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IBM ‘Thinks’ Big, Invests $3 Billion In Chip Research And Develoment

July 10, 2014

Peter Suciu for redOrbit.com – Your Universe Online

IBM has been around for more than a 100 years and it has redefined its business many times to meet changing demand for its products. While the company also known as Big Blue touted its motto “Think” as it lead the desktop PC in the late 1970s and throughout the 1980s the company now finds itself at a crossroads.

On Wednesday, a week before its second quarterly earnings will be released, IBM announced it is spending $3 billion over the next five years as part of an investment into chip research and development. The tech giant is hoping to find a game-changing breakthrough that could revive its sluggish hardware unit. Last quarter IBM reported a 23-percent plunge for sales in its hardware sector from a year earlier, and the company posted its lowest quarterly revenue in five years.

IBM will now invest in broad research and early stage development programs, which could push the limits of chip technology that may be needed to meet the emerging demands of cloud computing and Big Data systems.

The first of the newly announced research and development programs is aimed at so-called “7 nanometer and beyond” silicon technology, and is aimed at addressing the very serious physical challenges that are threatening current semiconductor scaling techniques.

“The question is not if we will introduce 7 nanometer technology into manufacturing, but rather how, when, and at what cost?” said John Kelly, senior vice president, IBM Research, via a statement. “IBM engineers and scientists, along with our partners, are well suited for this challenge and are already working on the materials science and device engineering required to meet the demands of the emerging system requirements for cloud, big data, and cognitive systems. This new investment will ensure that we produce the necessary innovations to meet these challenges.”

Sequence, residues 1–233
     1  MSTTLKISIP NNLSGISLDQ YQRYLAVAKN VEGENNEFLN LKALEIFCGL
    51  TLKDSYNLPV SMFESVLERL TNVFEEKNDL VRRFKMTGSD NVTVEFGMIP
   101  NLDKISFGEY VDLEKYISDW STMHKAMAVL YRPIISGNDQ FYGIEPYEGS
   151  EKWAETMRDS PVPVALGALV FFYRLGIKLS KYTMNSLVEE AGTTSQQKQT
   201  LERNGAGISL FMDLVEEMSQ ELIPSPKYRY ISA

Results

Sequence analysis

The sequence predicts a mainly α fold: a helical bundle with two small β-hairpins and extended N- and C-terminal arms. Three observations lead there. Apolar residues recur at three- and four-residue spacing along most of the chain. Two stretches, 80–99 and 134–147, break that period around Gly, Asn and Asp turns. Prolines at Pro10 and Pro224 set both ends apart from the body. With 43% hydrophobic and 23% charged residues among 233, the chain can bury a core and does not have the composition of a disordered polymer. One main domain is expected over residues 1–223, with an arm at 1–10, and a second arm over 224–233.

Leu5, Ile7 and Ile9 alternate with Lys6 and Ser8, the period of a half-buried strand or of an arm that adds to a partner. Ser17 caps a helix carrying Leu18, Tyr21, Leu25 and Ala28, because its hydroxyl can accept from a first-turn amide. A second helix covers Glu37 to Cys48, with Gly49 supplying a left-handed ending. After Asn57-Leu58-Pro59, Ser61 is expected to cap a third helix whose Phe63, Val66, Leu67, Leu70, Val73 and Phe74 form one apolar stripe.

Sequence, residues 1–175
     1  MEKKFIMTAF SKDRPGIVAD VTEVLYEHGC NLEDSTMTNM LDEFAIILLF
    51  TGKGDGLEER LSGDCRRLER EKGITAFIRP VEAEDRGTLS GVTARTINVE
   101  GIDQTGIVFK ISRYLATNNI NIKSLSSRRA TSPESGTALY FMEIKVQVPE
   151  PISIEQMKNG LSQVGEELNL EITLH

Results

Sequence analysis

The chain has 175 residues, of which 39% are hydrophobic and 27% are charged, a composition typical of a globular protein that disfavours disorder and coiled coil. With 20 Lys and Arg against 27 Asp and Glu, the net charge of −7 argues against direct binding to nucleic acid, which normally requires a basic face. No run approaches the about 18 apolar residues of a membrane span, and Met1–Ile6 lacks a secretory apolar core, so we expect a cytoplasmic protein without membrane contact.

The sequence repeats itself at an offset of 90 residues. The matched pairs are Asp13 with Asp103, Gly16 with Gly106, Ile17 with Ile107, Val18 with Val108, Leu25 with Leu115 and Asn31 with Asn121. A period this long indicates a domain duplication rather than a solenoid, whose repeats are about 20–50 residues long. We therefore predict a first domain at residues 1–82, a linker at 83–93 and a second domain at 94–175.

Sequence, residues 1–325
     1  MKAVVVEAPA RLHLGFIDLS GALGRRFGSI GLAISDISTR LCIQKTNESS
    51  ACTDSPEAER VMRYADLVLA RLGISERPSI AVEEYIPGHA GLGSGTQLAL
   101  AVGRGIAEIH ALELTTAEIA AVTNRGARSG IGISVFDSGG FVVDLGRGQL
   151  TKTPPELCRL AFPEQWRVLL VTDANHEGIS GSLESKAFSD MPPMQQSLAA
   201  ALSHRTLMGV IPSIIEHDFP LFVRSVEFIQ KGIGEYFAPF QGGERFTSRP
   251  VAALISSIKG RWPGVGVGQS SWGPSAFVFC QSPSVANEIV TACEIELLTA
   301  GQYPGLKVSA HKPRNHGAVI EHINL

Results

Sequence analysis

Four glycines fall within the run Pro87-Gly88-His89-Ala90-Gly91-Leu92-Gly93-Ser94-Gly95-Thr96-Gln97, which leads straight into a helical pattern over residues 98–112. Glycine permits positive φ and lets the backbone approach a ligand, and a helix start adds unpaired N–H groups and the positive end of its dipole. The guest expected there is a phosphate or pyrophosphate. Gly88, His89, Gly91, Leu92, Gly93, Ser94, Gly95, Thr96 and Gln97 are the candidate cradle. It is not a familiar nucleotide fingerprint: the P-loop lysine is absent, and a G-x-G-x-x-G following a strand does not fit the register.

“Scaling to 7nm and below is a terrific challenge, calling for deep physics competencies in processing nano materials affinities and characteristics. IBM is one of a very few companies who has repeatedly demonstrated this level of science and engineering expertise,” added Richard Doherty, technology research director, The Envisioneering Group.

The second program is focused on developing alternative technologies for post-silicon era chips using entirely different approaches, which IBM scientists and other experts believe would be required because of the physical limitations of silicon-based semiconductors. IBM has noted that virtually all electronic equipment today is built on complementary metal–oxide–semiconductor (CMOS) technology. As a result there remains an urgent need for new materials and circuit architecture designs compatible with the new engineering processes as the technology industry nears physical scalability limits of the silicon transistor.

The goal of these programs is to find new ways to scale and shrink silicon chips, which could make these more efficient. One of the problems with silicon chips is that most of the electricity that travels through these are released as heat, with only 30 percent actually going toward electricity.

In addition, IBM announced that it will research new materials to use in the making of chips to solve that problem. These materials could include carbon nanotubes, which could be more stable than the currently used silicon. These new materials could also be more heat resistant and could provide faster connections as well.

“You might say this is not a good time to be in the silicon chip business, but it is a great time to be ready for the next thing. This is the next thing,” Doherty told Reuters via The Guardian. “IBM is the only major company investing in carbon chip research. As demand grows for faster speeds, the investment could put it miles ahead of competitors like Oracle and HP.”

The teams behind these projects will include IBM Research scientists and engineers from Albany and Yorktown, New York; Almaden, California; and Europe.

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Source: Peter Suciu for redOrbit.com - Your Universe Online



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